If we hypothesised that he doesn’t need to eat because he’s being fed by a goddess, that would be a mysterious religious matter, and completely untestable. Science would be helpless.

          But if we hypothesise that he doesn’t need to eat because of a hitherto-unknown ray, that falls within the realm of science.

          Now, to the layman – or “bad science Samaritan” – it might seem that you’d initially apply the same sort of tests to falsify both the “goddess” and the “ray” scenarios. But actually, you’d be wrong. The details of why get quite technical, but I’m a computer scientist AND a venture capitalist.

  19. jimh says:

    Okay no food, but
    DOES HE EAT LIGHT BULBS

  20. dainel says:

    Why was the first test only for 10 days. And this one only runs for 15 days. Why don’t they monitor him for 1 year?

    This is India’s Defence Research Development Organisation. I imagine all research have to get approval of some kind.

    “Hey boss, there’s this holy man who says he hasn’t had any food or water for the past 70 years because a goddess pours an elixir through a hole in his palate”. “You’re crazy. Where was it that you said you got your degree. Are you sure you know what you’re doing”.

    “Boss. There’s this man who can survive for a long time without food or water. But he’s still perfectly well and healthy after two weeks. Not half dead from starvation and dehydration. I’ll like to study him, confirm if it’s true, and find out how he’s doing it. It’ll be useful for soldiers out in the field who gets cut off from supplies. I’ll need one of the rooms on the 3rd floor for two weeks. It already has the security monitors and all the medical equipment.” “Sounds OK. Send in your proposal first. I’ll get it approved.”

  21. Ned613 says:

    There is an episode of Barney Miller where Dietrich claims he is a breatharian. He then inhales real deeply and one of the other characters admonishes him, “Now don’t stuff yourself.”

  22. bonafidebob says:

    Foolish because should he persist with this absurd claim, he will die.

  23. Anonymous says:

    Quite frankly, let them test it.

    If, by some fluke, something crazy is going on here, then it was worth doing all along.

    However, the more likely outcome of a malnourished sadhu demonstrates important principles to the world at large anyway. This is more important than the minimal chance of an amazing discovery.

  24. Anonymous says:

    There are people in India who don’t eat (or not much.) You need to study Hira Ratan Manek, he does have a website. He has been studied by several doctors (in a hospital setting) during his fasts. He claims to have gone 7 years without eating.
    He has about 3000 followers and he has lectured all over the world.
    However, regarding the fellow in the article: Since this fellow is 82, I suspect he may have had some memory lapse.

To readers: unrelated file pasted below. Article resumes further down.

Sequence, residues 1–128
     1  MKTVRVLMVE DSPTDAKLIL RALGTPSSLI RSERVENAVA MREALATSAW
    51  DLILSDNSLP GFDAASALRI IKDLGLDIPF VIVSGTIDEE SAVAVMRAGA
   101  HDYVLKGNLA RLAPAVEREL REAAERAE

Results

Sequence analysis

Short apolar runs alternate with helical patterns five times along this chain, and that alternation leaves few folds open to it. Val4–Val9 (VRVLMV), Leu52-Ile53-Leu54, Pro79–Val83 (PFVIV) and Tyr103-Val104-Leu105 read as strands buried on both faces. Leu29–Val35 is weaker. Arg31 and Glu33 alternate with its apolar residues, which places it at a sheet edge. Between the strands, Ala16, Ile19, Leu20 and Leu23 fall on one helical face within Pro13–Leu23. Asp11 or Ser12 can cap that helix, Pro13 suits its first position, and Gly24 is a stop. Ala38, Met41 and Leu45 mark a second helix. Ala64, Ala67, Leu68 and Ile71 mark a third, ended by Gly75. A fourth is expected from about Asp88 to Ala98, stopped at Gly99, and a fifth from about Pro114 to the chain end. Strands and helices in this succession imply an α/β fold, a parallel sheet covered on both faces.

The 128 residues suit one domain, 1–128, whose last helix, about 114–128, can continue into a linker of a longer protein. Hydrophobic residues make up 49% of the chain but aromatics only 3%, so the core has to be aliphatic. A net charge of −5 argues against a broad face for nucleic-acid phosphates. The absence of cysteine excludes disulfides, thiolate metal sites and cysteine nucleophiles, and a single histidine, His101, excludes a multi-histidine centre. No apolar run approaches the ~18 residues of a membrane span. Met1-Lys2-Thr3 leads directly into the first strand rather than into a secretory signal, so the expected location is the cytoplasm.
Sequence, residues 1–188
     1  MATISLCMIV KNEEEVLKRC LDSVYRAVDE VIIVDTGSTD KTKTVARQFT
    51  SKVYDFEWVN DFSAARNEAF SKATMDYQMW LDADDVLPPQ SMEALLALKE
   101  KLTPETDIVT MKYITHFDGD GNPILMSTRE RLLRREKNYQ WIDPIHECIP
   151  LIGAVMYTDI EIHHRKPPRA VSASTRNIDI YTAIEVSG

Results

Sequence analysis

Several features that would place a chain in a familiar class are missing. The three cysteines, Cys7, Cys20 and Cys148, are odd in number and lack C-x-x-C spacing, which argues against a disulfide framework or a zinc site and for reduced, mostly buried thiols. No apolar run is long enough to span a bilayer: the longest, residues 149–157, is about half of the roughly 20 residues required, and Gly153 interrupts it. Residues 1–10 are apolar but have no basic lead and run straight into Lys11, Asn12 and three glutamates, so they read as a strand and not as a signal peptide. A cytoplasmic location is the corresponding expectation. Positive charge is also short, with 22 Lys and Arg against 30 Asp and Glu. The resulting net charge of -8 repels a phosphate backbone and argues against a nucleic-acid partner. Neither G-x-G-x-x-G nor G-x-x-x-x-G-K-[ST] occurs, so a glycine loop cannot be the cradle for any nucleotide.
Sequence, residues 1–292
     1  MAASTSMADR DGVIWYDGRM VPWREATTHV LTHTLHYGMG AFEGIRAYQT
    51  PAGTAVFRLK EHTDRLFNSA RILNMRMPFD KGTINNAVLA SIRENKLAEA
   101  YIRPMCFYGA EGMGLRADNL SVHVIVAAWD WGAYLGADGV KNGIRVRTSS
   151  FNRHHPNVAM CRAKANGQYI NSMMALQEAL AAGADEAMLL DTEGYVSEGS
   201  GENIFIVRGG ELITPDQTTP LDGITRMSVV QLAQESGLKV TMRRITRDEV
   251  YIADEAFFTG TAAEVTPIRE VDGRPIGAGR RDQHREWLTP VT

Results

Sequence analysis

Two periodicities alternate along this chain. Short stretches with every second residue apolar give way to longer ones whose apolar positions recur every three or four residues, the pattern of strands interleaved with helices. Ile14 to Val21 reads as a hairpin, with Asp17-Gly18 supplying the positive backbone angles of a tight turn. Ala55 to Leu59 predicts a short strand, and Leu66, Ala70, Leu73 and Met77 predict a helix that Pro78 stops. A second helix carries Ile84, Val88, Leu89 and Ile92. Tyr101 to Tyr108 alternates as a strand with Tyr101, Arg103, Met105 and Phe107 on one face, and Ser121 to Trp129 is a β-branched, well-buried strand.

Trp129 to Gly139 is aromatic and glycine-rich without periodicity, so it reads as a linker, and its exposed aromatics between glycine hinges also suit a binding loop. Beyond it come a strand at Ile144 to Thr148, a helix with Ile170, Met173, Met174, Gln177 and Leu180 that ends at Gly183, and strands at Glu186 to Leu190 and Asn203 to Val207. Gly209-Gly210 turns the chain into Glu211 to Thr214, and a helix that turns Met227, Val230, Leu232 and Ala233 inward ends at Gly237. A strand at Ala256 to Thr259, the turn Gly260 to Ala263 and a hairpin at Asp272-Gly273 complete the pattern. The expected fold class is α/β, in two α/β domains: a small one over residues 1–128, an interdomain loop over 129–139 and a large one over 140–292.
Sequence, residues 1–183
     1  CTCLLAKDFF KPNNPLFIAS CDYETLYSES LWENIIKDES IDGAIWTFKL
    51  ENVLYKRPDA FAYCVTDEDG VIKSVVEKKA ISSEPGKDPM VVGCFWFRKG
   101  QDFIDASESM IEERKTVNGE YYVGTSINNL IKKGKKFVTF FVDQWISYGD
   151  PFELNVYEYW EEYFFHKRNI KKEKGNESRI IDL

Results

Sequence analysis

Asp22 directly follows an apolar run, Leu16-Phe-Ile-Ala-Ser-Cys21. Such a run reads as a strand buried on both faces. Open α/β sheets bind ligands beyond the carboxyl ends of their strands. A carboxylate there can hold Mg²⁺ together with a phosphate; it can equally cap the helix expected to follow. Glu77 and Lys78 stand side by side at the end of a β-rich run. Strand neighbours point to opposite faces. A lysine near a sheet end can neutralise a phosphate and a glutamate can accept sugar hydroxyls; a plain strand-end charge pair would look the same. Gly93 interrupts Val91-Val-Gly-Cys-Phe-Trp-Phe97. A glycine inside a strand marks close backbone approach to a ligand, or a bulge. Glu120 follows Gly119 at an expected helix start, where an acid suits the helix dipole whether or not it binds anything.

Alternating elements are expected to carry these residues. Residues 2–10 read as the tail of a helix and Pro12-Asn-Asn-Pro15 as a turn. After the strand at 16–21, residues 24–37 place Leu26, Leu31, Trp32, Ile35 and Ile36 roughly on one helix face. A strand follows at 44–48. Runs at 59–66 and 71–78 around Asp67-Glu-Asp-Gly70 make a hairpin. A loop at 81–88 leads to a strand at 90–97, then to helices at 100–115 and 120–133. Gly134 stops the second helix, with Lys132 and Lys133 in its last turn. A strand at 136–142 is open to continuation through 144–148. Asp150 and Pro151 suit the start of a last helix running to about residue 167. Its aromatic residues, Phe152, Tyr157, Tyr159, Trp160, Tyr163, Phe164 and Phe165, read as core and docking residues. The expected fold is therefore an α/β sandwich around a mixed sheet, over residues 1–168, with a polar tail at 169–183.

25. dripgrind says:

    I can’t believe you are being so close-minded about this! Sure, a lot of breatharians have proven to be hoaxers, but perhaps this man is getting nutrition from a secret government ray that is being tested by the military.

    It’s well established that breatharians are more likely to occur near top secret UK army bases (if you filter out the hoax breatharians). Furthermore, in recent years, armies have openly demonstrated food-based technology like the US MRE program, which only makes my “food ray” hypothesis more likely.

    A highly respected government lab in France has done some tests on this man’s hair, and found nodes! Nodes! Do you realise the implications?

    What’s more, this research has been replicated by other top labs (Cal Tech, Nobel Institute University of Science, Oxon University etc.) so you can’t simply dismiss the weight of evidence. Plus, I have personally interviewed a top physicist who witnessed an unexplained ray and then didn’t feel hungry for over ten hours.

    Don’t get me wrong, I welcome respectful inquiry into the exact nature of this man’s amazing powers. But what I don’t welcome is name-calling, or any suggestion that he might not have amazing powers. That is beyond the realm of reasonable debate.

    It’s fascinating that certain “forbidden” topics, dismissed in academia, are also dismissed in cyberspace!

    • Jesse Weinstein says:

      Well played, sir, well played!

    • dougr650 says:

      I was just about to draw the exact same parallel between this post, in which the author rightly highlights and ridicules the absurd nature of the subject’s claim, and the ongoing saga of the guy who claims the military is using secret space-borne microwave beam technology to create crop circles, which is presented entirely without irony. What’s up with that?